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Why U.S. Taxpayers Started — And Stopped — Paying Brazilian Cotton Farmers

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Note: This is an update to a story we initially published in 2010.

In 2002, Pedro Camargo had a job in Brazil's Ministry of Agriculture. He was annoyed by the subsidies the U.S. government payed to U.S. cotton farmers.

"We want to compete farmer against farmer, and not Brazilian farmer and American farmer with the help of the US government," he told me. "Not only is that not fair; it's not following the rules."

When he says "the rules," he means the rules of the World Trade Organization, which govern global trade. Back in 2002, Camargo went to the WTO with his complaint, arguing that the U.S. was illegally subsidizing its cotton farmers. He won. The U.S. appealed the decision, and lost again.

As the fight went on, Brazil threatened to retaliate with trade sanctions if the U.S. didn't stop subsidizing cotton.

And finally, in 2010, U.S. representatives made Brazil an unusual offer. They said: The subsidies to U.S. cotton farmers are part of U.S. law, and will continue for as long as the current Farm Bill is in place. So, the negotiators said, until the next Farm Bill passes, the U.S. will pay Brazilian cotton farmers $147 million a year.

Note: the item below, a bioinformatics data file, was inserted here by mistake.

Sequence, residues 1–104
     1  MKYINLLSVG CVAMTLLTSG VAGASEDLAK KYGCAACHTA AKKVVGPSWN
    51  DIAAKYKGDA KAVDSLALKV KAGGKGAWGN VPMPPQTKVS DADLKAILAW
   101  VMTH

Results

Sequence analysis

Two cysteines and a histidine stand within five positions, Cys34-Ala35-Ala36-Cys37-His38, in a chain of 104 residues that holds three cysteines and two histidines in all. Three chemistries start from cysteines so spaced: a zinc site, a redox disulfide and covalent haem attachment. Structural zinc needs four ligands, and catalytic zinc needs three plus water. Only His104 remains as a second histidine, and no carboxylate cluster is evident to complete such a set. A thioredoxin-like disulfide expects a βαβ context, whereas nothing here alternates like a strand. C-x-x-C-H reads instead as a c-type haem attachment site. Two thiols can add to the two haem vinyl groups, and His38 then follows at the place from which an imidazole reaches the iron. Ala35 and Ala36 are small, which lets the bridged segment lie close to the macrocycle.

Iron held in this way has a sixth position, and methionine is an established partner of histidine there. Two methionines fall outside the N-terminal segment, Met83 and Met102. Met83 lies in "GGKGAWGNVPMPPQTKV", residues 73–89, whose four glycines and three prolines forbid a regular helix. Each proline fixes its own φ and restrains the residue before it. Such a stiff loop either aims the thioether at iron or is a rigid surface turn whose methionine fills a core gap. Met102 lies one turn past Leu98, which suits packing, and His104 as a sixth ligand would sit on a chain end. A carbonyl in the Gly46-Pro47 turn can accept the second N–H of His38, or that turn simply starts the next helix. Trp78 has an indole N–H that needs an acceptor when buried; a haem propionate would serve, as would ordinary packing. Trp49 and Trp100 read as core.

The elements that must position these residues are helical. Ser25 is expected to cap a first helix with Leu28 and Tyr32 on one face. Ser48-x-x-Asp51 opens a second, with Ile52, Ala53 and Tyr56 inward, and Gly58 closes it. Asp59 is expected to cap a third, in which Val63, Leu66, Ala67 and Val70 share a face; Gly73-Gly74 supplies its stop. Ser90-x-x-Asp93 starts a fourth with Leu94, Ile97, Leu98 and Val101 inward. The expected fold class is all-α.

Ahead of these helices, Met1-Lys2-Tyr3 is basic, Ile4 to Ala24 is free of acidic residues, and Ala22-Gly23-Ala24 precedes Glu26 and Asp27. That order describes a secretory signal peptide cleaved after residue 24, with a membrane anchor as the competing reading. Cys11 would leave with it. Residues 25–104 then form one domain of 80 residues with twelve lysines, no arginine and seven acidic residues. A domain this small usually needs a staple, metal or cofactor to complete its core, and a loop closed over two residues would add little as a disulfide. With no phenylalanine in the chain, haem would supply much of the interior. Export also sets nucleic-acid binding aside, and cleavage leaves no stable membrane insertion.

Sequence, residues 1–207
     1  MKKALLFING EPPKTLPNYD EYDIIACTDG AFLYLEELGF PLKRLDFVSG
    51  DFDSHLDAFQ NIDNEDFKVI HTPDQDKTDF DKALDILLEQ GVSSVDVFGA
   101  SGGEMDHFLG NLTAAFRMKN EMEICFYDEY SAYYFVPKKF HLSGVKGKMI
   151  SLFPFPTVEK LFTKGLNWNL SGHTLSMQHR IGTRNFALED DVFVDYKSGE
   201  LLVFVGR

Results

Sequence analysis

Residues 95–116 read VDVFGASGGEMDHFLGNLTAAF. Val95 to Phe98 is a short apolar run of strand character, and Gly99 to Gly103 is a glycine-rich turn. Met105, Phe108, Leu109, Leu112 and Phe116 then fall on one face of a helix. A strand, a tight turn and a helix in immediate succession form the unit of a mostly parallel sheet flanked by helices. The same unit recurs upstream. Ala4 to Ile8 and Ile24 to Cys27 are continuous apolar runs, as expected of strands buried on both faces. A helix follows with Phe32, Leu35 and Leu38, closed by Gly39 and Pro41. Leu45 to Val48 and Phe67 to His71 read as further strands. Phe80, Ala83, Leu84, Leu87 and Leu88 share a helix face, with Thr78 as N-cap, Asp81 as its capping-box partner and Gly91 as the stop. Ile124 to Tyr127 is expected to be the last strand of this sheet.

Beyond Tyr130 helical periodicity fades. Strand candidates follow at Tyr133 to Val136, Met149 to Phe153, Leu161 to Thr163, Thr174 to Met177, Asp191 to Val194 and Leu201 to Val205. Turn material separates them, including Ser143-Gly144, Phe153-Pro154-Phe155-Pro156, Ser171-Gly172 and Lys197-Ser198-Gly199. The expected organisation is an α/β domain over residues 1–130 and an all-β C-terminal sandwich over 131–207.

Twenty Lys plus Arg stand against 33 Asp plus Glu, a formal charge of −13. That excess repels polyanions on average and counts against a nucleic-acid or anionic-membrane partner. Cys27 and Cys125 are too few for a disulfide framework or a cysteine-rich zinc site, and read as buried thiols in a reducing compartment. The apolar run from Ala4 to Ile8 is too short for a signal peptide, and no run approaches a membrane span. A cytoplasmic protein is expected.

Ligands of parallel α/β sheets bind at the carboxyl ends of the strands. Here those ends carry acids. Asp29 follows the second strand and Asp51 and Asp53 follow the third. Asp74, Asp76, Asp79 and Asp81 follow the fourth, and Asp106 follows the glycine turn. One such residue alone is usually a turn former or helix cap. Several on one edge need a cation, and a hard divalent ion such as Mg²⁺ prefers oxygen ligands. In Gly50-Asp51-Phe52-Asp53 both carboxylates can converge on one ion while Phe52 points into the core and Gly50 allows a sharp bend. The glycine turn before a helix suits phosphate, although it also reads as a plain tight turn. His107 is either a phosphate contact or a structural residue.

"For Brazilian farmers, it's a lot of money," Camargo says. The Brazilians took the deal. And, every month, the U.S. sent over $12 million to Haroldo Cunha, president of the Brazilian Cotton Institute.

But then, last October, the money didn't show up. "Nobody called," Cunha said. "We just looked at the bank account and we realized no payment was done." No money came in November or December either, Cunha said.

Tom Vilsack, the U.S. Secretary of Agriculture, says he did warn the Brazilians last summer that the payments were about to stop. That's because the U.S. promised to make the payments until the next farm bill passed — and Congress planned to pass a farm bill last year.

But Congress did not pass a Farm Bill last year. Still, a Farm Bill will pass eventually. And many of the Brazilian trade representatives who have looked at current versions of the bill say the cotton subsidies are still in there, just in a different form.

If that's still the case when the bill passes, the Brazilians will take the whole thing back to the WTO and tart the whole process all over again.

Copyright 2014 NPR. To see more, visit http://www.npr.org/.

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